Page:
Lack of Black donors not helping a mother’s search

Levar Alonzo | 4/11/2019, 10:35 a.m.
Charlene Bullock remembers the first time she knew something was wrong with her seven-year-old son, Asaya.
Asaya and Anaya Bullock Courtesy of the Icla Da Silva Foundation

“Doctors look at him in astonishment that he has lived to seven years of age,” Bullock said. “I tell them every time that he’s going to live, and live healthily.”

Doctors advised the Bullock’s to have another child since siblings have a higher chance of having the same genetic makeup. Within two years the Bullock’s had a little girl, but unfortunately, she was not a match. Asaya’s blood cells rejected his sister’s marrow.

“It’s heartbreaking to know that he is going through so much,” said Bullock. “What is a mother to do when her child is questioning why he has to be in this position?”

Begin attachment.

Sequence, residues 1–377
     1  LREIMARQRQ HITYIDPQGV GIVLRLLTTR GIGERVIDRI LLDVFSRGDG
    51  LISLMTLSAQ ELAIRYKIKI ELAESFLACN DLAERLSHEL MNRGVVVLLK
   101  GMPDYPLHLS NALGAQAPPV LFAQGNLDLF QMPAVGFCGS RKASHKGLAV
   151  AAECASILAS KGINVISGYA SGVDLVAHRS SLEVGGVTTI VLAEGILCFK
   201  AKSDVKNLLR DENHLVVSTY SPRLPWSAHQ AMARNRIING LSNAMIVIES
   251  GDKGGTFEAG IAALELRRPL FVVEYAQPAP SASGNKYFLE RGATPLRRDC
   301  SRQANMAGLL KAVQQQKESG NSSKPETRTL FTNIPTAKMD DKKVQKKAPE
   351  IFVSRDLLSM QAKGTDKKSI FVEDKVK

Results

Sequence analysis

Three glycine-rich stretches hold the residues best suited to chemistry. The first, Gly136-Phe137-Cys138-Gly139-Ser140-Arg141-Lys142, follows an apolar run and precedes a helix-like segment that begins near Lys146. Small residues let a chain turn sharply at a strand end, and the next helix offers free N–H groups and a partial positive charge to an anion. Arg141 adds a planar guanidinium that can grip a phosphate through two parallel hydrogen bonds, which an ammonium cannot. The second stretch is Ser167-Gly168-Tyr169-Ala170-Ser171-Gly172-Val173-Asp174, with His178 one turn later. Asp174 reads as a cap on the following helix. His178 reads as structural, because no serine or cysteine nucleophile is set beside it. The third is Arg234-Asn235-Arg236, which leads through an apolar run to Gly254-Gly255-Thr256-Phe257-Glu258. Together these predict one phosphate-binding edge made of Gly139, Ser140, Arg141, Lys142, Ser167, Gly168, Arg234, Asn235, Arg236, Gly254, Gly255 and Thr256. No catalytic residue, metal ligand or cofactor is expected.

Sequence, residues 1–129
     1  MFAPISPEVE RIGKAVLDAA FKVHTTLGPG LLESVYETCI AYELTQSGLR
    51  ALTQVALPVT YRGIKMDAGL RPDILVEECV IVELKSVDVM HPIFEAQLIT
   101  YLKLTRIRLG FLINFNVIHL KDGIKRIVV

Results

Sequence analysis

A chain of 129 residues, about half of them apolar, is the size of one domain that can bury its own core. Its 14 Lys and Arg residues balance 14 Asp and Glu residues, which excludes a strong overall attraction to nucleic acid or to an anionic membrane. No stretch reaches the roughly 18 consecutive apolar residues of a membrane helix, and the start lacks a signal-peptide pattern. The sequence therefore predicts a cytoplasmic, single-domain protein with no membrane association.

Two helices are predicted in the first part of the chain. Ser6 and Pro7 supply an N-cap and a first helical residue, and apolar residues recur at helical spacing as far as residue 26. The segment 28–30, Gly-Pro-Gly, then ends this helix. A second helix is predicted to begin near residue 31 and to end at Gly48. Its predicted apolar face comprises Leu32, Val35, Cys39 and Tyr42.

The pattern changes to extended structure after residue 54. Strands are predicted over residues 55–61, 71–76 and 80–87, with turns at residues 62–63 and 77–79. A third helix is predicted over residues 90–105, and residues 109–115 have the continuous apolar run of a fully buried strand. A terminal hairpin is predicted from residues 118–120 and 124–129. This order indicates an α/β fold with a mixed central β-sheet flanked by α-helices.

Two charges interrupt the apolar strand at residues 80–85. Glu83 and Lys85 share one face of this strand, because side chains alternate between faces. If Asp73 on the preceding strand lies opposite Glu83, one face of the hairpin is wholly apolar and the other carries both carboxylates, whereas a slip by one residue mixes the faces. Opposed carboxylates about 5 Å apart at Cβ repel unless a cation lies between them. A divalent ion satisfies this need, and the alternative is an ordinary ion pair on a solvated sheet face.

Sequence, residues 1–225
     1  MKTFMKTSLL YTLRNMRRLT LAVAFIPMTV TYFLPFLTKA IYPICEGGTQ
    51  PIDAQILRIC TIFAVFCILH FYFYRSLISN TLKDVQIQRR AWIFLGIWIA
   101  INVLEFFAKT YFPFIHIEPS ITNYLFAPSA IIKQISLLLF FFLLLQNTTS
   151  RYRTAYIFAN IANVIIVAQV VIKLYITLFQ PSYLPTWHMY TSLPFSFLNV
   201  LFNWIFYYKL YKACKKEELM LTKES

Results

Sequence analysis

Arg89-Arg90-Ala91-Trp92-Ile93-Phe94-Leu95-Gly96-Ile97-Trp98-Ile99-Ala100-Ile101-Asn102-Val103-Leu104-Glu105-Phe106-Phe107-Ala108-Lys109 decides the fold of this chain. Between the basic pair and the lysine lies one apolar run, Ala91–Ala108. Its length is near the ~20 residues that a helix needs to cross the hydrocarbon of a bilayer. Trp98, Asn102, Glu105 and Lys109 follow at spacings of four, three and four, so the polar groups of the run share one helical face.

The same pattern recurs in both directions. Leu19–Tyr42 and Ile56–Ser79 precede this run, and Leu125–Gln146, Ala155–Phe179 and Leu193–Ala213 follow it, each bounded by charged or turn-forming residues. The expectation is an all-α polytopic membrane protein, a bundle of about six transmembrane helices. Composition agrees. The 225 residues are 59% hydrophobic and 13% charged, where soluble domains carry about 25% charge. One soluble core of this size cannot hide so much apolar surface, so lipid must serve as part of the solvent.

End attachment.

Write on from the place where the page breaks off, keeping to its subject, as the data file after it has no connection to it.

Yolanda Tate understands what a new lease on life meant for her two daughters, Madison, 25, and Olivia, 21, after they received transplants. Both her daughters were diagnosed with sickle cell from birth. They both required bone marrow transplants to cure them.

For Madison, Olivia provided the blood cord that would cure her of sickle cell, but for Olivia, she needed a donor.

“We didn’t have a long wait before a donor came forward,” said Tate. “We were told when Olivia was 11 that a donor was needed and a year later a match was made.”

Tate is grateful that the donor for Olivia took the time out to register and decide to give someone a shot at living. Her donor was Brazilian, and she also learns that she might have some heritage from Brazil.

Bullock has done her part to add more African-American names to the donor registry and has conducted drives to get the word out. She said that she knows her son’s match is out there, and she’ll campaign to give him a chance and all others.

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